that depends on your experience and confidence in your mechanical skills. You "can" do all of this yourself in a parking lot if you feel like it. Obviously you would need an engine picker.
 

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that depends on your experience and confidence in your mechanical skills. You "can" do all of this yourself in a parking lot if you feel like it. Obviously you would need an engine picker.
Agreed cuz I did that haha.

I had never put together an engine before this, let alone even take one out of the car or pull it apart. Its honestly not hard but you have to be confident in what youre doing or it can spiral downhill real quick and be a lot of money lost.
 

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I'm confident in what I do know about wrenching on a car, this is going to be my first engine build tho. And my main question behind what I can do myself is what is it that I need a certain machines took or some sort of press to work on it? The only thing I know I'm taking to someone to do for me is bore it so I can change the compression to 8:9:1 with the wiseco piston kit that I found that are 64.5 mm


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64.5mm pistons... um no. Stock bore is 86mm. Keep stock bore, lower compression to 8.9:1 if youd like but you will definitely need a tune before you start driving it. Youre gonna lose low end power. You can do everything yourself other than examining and professionally cleaning the block. Just make sure you have tools and an engine stand
 

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Sorry I meant to put 86.5 that's my bad haha
Are there any tools that people might not normally have to so it?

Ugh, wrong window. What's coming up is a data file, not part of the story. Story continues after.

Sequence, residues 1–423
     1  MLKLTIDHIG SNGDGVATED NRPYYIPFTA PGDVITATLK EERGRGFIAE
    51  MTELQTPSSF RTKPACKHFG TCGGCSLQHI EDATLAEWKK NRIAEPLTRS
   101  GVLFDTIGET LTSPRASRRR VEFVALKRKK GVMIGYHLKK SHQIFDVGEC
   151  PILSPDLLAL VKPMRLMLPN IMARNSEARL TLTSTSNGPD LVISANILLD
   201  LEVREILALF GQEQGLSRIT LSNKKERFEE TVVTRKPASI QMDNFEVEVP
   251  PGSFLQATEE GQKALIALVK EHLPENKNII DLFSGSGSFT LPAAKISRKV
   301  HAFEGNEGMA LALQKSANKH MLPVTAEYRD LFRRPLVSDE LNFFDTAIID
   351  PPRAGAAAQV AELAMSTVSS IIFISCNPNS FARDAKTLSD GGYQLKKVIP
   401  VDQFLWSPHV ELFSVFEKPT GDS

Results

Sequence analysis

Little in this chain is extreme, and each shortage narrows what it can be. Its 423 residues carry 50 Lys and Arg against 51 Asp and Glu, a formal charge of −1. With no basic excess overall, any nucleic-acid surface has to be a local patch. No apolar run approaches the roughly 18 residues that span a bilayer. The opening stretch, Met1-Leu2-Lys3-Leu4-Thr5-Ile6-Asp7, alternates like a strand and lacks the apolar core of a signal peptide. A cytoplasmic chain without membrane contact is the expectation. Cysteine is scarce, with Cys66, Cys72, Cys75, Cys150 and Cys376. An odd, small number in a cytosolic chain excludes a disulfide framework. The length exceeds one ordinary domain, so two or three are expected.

I was told from some friends that it would be better to change it to the 8:9:1 compression if I'm already going to take the engine apart for a rebuild so what's the pros/cons of keeping the stock compression and changing jt?


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And to give you a quick background of what I'm looking for when I'm done with my car is acceleration. Mainly from 0-100 not entirely on top end speed and/or acceleration ifthat helps with your answer
And thanks for any help and advice that you give


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---------- Post added at 05:26 PM ---------- Previous post was at 05:25 PM ----------

What's the difference between stroking the motor and boring it?
Sorry I'm kinda learning about all this as I go on with it


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If you want acceleration, you want torque. Stroke the motor, add displacement, get the torque. Banker and Levee would be able to explain that in better detail.

---------- Post added at 09:30 PM ---------- Previous post was at 09:28 PM ----------

Stroking is increasing the throw of each piston. Piston will travel further in the cylinder, thus creating displacement. More displacement, more air and fuel, more power. Boring the cylinders I was told will net you next to no power gain at all.
 

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for what i've heard from you guys i'm pretty sure that i'm just going to keep the stock compression i just would like to know more about all my options before i start to buy anything